[ANTIVIRAL screens Tuesday July 9th at 8:50 pm at the Capitol Theatre in association with the Cleveland Cinematheque.]
Review by Bob Ignizio
It's difficult to write about Brandon Cronenberg's debut feature without trotting out such timeworn proverbs as “like father, like son” or “the apple doesn't fall far from the tree.” Brandon is the son of Canadian director David Cronenberg, and if ANTIVIRAL is any indication, the two men share some important stylistic and thematic tendencies. Like Cronenberg senior's early films, ANTIVIRAL takes place in a sterile, vaguely futueristic world, and finds its horror within the human body and the ways it can be transformed and modified.
The basic premis of ANTIVIRAL is that a companies in the near future sell diseases that have in the past infected various celebrities to their adoring fans. The idea is that having the same germs in ones body that were in a celebrity will create a closer bond between the fan and the object of their adoration. Given the fame-obsessed nature of our culture at present, it really doesn't seem that far fetched.
A salesman at one of these companies named Syd March (Caleb Landry Jones) is supplementing his income by smuggling diseases out inside his own body and selling them on the black market. That works out fairly well for him until one day he smuggles out the wrong disease and finds himself infected with a virus that just might kill him. To make matters worse, his black market contacts think he's holding out on them, and they aren't the type of people to take that lying down. From there the film shifts into thriller mode as Syd tries to find a cure while trying (and generally failing) to avoid the bad guys.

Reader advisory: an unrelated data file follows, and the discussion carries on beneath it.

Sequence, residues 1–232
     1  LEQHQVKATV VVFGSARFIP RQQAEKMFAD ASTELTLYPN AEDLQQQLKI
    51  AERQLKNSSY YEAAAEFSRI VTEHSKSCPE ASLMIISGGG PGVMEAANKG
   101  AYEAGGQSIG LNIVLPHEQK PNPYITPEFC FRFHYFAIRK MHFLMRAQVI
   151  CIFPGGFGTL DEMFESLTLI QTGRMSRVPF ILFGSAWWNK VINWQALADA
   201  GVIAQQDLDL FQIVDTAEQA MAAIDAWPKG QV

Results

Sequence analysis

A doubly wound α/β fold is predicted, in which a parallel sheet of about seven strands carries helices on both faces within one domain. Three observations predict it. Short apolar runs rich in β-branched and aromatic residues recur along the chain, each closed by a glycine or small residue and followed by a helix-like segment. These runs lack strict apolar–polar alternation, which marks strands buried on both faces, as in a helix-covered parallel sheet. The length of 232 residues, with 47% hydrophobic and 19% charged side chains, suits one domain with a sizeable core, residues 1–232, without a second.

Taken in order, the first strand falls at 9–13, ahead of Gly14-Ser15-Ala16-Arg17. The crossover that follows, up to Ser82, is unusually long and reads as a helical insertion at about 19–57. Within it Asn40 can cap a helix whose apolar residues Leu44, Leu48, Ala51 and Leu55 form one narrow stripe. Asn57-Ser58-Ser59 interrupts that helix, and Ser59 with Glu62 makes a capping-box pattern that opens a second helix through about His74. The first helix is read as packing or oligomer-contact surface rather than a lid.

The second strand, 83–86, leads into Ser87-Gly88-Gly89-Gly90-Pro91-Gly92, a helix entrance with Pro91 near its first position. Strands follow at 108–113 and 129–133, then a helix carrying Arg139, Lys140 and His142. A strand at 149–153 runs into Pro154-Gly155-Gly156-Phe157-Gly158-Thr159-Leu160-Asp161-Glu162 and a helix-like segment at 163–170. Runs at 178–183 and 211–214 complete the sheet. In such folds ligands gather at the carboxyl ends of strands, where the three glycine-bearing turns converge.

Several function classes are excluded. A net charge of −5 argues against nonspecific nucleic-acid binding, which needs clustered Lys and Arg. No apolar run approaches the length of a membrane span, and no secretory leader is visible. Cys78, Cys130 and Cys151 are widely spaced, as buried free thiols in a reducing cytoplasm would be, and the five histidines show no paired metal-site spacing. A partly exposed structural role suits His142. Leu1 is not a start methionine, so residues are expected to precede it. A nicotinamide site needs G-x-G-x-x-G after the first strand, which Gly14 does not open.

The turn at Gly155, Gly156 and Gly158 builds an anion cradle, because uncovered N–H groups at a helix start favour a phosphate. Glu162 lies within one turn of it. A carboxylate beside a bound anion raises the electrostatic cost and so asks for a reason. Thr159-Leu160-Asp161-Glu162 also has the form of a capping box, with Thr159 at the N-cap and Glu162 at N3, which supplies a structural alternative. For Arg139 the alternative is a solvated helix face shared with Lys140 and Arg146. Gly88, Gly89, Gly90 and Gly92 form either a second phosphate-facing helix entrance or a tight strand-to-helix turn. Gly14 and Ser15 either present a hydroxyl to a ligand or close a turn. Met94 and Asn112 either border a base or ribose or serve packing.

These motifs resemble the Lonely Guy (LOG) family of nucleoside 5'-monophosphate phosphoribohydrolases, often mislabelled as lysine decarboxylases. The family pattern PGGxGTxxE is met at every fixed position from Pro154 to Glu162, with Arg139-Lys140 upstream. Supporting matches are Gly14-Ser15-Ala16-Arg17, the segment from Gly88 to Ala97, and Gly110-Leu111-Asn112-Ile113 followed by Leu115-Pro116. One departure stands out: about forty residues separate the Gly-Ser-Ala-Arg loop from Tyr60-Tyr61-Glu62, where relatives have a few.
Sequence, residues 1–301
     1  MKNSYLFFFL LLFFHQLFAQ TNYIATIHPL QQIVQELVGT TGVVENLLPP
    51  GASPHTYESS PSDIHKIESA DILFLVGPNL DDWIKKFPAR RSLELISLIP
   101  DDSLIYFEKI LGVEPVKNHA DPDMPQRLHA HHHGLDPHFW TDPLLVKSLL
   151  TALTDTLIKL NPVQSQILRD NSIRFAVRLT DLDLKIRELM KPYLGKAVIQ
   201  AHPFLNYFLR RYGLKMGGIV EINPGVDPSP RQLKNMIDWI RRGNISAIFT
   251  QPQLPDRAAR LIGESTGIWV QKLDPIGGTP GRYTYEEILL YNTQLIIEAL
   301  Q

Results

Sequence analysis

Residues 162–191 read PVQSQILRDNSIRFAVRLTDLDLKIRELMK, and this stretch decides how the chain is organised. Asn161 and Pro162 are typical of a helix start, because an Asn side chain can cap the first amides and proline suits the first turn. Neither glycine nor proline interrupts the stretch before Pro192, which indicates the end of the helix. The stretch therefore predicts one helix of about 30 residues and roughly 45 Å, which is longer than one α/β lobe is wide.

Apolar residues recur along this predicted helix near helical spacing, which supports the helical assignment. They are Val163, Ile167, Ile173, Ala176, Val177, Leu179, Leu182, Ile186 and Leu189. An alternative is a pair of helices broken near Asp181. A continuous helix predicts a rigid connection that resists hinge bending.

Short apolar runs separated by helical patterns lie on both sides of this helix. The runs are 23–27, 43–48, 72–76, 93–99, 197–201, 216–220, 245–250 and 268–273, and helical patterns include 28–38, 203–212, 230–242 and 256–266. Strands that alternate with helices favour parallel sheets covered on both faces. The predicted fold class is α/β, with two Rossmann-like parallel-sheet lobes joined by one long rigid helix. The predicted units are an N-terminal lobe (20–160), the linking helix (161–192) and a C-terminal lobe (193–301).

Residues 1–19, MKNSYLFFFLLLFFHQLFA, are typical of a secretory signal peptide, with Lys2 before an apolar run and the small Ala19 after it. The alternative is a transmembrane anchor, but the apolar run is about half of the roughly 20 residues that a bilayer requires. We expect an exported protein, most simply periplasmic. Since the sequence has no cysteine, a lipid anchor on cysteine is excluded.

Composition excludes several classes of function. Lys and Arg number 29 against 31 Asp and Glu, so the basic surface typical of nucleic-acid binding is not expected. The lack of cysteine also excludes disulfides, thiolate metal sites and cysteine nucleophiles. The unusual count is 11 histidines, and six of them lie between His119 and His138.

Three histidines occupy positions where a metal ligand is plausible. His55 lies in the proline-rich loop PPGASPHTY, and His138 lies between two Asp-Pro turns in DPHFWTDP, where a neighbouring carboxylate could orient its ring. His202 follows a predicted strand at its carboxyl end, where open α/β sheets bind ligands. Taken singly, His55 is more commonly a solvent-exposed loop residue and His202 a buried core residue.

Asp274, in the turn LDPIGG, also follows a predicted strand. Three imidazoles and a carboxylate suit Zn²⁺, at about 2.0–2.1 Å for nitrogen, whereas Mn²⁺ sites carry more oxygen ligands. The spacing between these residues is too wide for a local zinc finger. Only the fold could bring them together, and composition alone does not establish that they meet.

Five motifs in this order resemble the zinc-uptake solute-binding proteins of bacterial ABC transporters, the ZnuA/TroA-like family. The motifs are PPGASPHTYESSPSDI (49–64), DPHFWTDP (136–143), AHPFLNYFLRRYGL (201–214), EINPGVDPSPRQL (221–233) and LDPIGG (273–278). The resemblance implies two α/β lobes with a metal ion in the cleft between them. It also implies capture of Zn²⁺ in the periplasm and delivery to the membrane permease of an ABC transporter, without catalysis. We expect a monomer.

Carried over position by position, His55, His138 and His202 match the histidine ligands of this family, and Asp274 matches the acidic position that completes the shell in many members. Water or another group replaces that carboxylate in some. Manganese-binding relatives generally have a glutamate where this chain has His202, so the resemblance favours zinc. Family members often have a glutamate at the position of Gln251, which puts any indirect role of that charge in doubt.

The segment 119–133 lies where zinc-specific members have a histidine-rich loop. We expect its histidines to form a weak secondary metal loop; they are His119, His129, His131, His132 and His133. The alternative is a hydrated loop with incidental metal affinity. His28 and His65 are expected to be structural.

Where Brandon Cronenberg most significantly differs from his father is in his more modern visual style. He makes use of plenty of hand-held camera work and a faster editing style, though not to the point of obnoxiousness like many contemporary filmmakers trying to ape the BOURNE formula. Despite the faster pace, there are still times when the film drags and/or feels a little on the stiff side, but the premise and Landry Jones' solid lead performance hold things together enough to get past those issues. It's not quite a great film, but there's more than enough that ANTIVIRAL gets right to make the case that Brandon Cronenberg has just as much potential to make a mark in the film world as his father, and I for one will be looking forward with great anticipation to see how he develops. 3 out of 4 stars.